The primary objective of this study is to review the efficacy of duloxetine in treating chronic pain using the Initiative on Methods, Measurement, and Pain Assessment in Clinical Trials (IMMPACT) recommendations for clinical significance across chronic pain states. These include pain intensity, patient ratings of overall improvement, physical functioning, and mental functioning. This review comprised the side-by-side analyses of 12 double-blind, placebocontrolled trials of duloxetine in patients with chronic pain (diabetic peripheral neuropathic pain, fibromyalgia, chronic pain due to osteoarthritis, and chronic low back pain). Patients received duloxetine (60 to 120 mg/day) or placebo. Average pain reduction was assessed over 3 months as the primary efficacy outcome. Other measures used were physical function and Patient Global Impression of Improvement. In 10 of the 12 studies, statistically significant greater pain reduction was observed for duloxetine- compared with placebo-treated patients. The response rates based on average pain reduction, improvement of physical function, and global impression were comparable across all 4 chronic pain states. Compared with patients on placebo, significantly more patients treated with duloxetine reported a moderately important pain reduction (≥30% reduction) in 9 of the 12 studies, a minimally important improvement in physical function in 8 of the 12 studies, and a moderately important to substantial improvement in Patient Global Impression of Improvement rating in 11 of the 12 studies. The analyses reported here show that duloxetine is efficacious in treating chronic pain as demonstrated by significant improvement in pain intensity, physical functioning, and patient ratings of overall improvement.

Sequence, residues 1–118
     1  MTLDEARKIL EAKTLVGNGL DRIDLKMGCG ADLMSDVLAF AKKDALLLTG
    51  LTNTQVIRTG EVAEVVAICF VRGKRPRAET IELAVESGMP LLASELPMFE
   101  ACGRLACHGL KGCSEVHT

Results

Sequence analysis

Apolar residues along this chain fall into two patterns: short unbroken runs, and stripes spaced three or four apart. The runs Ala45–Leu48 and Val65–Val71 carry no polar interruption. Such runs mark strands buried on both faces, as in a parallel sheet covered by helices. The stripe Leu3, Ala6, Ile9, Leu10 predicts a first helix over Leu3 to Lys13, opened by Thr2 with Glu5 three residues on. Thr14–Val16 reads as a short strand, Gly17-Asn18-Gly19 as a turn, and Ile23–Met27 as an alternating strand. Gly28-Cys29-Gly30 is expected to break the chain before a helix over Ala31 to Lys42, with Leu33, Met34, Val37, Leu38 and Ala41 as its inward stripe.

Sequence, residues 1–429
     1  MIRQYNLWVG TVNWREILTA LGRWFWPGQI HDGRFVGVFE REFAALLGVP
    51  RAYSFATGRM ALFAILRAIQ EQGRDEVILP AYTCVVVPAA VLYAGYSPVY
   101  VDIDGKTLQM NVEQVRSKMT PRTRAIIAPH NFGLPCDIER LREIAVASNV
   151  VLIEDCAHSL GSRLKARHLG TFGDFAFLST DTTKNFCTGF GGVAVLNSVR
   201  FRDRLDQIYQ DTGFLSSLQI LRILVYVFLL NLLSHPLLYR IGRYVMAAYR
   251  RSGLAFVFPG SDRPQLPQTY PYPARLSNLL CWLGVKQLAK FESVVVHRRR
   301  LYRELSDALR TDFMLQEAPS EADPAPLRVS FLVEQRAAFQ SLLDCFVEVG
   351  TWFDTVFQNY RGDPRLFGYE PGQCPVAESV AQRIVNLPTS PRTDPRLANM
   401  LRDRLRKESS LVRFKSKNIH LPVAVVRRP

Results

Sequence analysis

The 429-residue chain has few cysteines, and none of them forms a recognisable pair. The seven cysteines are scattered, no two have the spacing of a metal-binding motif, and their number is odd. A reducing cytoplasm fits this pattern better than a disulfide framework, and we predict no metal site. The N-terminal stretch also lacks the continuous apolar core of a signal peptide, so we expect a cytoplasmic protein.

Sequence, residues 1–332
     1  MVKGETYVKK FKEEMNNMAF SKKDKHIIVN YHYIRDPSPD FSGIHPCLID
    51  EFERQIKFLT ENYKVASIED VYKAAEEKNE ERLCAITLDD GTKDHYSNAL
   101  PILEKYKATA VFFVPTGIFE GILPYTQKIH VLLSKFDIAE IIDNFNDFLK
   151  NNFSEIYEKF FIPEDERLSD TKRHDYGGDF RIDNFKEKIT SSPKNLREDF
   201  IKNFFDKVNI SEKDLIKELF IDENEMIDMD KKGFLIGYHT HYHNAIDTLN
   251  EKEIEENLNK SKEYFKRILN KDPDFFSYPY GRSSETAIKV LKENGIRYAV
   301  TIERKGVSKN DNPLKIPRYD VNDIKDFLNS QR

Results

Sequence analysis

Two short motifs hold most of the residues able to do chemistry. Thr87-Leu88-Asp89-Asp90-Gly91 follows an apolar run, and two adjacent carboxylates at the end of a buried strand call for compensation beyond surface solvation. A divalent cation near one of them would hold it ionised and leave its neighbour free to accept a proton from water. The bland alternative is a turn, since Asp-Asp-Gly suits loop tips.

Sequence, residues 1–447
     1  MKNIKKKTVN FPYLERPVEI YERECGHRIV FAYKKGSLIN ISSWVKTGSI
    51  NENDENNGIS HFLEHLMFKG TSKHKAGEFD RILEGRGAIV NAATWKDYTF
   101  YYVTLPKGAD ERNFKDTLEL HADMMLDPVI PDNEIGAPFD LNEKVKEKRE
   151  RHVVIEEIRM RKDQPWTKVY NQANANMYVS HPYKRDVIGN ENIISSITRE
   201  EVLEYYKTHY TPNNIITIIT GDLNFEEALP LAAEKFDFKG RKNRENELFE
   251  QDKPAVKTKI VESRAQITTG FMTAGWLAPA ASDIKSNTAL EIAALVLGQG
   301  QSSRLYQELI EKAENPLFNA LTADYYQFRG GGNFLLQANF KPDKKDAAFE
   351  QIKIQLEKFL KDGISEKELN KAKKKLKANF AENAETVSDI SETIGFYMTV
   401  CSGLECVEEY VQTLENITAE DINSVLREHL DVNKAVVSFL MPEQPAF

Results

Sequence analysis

Keywords: Chronic low back pain, chronic pain, diabetic peripheral neuropathic pain, duloxetine, efficacy, fibromyalgia, osteoarthritis, central nervous system, norepinephrine
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